- In 2004 the holiday was renamed to Constitution Day and Citizenship Day.
- More than 600,000 people become naturalized American citizens every year.
- In order to qualify they need to have been resident for five years and pass a naturalization interview and test.
- As well as fluency in English the test checks on people’s knowledge of US history and civics. They must attain a 60% pass rate.
- In 2009 the US had 16.8 million naturalized citizens.
- The country of origin of naturalized Americans has changed significantly. Until the early 20th century many immigrants came from Europe; today most come from Latin America and Asia.
- In 2009 it was estimated that 52% of legal immigrants to the US chose to become citizens.
- September 3rd 2012
Happy Labor Day! As you enjoy the last day of the long weekend, here are some fun facts about the occasion we are celebrating.
- The first observance of Labor Day in the US is believed to have been on September 5, 1882.
- According to some, it was organized by Carpenters and Joiners Union secretary Peter J. McGuire.
- Some believe that Matthew Maguire actually suggested the observance.
- Labor Day was designated a federal holiday in 1894, by which time more than 50% of the states were already marking the occasion.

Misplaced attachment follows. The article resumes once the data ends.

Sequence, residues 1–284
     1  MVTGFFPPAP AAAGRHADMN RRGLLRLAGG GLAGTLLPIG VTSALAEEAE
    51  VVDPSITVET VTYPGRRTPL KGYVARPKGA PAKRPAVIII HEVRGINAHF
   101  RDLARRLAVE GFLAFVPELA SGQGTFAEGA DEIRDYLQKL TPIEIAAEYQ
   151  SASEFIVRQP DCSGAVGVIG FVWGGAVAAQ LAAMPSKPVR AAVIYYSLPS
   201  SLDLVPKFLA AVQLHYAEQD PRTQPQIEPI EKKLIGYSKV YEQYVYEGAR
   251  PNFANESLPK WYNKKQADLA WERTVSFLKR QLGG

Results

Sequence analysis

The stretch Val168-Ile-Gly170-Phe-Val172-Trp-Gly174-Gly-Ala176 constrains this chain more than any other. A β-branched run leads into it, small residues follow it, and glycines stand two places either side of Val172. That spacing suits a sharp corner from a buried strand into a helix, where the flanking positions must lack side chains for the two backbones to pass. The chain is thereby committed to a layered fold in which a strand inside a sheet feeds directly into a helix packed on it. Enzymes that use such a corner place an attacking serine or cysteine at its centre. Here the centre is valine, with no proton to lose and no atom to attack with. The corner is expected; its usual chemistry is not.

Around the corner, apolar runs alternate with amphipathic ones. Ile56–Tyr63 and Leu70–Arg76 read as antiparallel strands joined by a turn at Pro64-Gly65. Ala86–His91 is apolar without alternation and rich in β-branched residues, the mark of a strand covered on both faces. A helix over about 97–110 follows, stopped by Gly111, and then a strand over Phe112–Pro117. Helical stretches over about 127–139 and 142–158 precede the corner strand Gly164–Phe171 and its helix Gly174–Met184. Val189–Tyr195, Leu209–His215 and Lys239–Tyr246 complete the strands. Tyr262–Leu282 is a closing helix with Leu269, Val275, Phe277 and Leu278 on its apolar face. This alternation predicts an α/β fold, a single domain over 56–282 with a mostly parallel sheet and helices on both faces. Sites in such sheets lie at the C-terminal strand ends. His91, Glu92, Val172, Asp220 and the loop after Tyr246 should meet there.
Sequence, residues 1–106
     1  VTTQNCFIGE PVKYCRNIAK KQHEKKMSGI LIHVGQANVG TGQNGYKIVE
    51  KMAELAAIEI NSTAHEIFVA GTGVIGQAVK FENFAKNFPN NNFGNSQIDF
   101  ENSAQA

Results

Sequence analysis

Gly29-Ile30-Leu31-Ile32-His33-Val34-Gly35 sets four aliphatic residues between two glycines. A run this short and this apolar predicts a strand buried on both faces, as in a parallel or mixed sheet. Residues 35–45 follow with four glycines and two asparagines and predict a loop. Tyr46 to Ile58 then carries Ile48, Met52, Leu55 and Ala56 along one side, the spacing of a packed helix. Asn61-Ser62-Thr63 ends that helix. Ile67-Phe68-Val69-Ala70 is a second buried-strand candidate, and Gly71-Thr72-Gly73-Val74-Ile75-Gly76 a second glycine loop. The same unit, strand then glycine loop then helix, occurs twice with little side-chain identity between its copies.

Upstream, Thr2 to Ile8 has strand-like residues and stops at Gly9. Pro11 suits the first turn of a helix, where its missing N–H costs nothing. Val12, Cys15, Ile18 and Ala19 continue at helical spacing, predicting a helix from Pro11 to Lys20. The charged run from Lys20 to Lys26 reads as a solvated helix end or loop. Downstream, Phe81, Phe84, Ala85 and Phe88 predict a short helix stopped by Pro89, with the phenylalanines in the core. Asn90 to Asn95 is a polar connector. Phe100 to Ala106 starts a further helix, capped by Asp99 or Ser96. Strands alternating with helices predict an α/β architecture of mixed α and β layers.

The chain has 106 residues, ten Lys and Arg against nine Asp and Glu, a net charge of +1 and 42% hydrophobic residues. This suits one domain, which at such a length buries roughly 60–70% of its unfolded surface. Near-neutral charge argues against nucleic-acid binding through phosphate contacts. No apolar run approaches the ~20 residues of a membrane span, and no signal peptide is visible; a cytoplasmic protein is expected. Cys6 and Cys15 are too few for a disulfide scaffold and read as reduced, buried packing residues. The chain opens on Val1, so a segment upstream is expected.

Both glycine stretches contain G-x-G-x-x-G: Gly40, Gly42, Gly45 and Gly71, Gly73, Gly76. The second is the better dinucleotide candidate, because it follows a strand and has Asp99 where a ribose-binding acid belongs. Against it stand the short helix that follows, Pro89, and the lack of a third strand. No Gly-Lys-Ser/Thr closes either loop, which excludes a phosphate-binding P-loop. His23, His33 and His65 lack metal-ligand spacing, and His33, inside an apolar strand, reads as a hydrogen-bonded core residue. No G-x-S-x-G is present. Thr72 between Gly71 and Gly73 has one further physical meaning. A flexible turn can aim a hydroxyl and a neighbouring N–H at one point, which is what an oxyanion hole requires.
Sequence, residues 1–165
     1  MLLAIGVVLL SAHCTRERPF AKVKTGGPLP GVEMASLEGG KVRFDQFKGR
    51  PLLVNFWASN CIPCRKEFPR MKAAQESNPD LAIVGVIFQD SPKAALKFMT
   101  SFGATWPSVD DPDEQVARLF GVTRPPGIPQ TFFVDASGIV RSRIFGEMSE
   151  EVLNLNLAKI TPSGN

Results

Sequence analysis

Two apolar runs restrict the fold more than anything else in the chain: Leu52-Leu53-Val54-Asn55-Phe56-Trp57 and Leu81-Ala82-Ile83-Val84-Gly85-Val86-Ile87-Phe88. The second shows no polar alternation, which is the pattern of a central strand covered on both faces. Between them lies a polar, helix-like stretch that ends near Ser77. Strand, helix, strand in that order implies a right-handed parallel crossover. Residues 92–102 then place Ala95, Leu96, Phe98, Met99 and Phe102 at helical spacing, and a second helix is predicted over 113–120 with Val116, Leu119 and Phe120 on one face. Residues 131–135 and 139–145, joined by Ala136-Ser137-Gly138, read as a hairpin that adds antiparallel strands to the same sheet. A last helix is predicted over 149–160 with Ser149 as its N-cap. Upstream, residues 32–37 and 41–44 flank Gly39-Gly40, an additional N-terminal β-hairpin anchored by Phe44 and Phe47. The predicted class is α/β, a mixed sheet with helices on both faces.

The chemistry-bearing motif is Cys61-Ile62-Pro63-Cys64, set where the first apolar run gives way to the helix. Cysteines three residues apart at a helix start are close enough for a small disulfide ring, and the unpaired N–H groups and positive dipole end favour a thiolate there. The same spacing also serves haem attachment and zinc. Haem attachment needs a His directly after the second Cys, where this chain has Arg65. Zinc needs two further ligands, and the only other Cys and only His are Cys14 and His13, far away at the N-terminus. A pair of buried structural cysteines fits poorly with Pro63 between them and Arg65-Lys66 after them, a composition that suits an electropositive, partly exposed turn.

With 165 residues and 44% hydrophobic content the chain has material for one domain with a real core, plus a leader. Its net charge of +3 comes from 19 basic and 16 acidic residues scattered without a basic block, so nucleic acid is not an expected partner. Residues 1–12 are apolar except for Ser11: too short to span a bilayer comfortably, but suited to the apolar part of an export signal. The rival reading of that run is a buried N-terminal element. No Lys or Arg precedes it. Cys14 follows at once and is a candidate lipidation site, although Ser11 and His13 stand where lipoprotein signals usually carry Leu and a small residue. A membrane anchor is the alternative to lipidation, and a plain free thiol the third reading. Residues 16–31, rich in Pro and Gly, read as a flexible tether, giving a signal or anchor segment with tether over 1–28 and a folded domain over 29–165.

- There are more than 155 million people over 16 in the nation’s workforce.
- More than 3 million people spent more than an hour and a half commuting to work in 2010 (and let’s not forget they had to go back, too!)
- The average commute is more reasonable: 25.3 minutes.
- 2010 median earnings for full time workers: $36,931 for women and $47,715 for men.
- Labor Day is celebrated on the same day in Canada.
- Canadian Labor Day started in 1872 as a demonstration for workers’ rights in Toronto.
- In Canada, Labor Day became a legal holiday (the first Monday in September) in 1874.
- In America in the 1800s, many workers used to work 12 hours a day, 7 days a week.
- The Adamson Act of 1916 set up the 8 hour workday.
- Many countries around the world celebrate workers on May Day or International Workers Day on May 1.
- The now traditional Labor Day parade was suggested in the original proposal of the holiday.
- Labor Day also marks the unofficial end of summer, the start of school and the beginning of the football season in the US.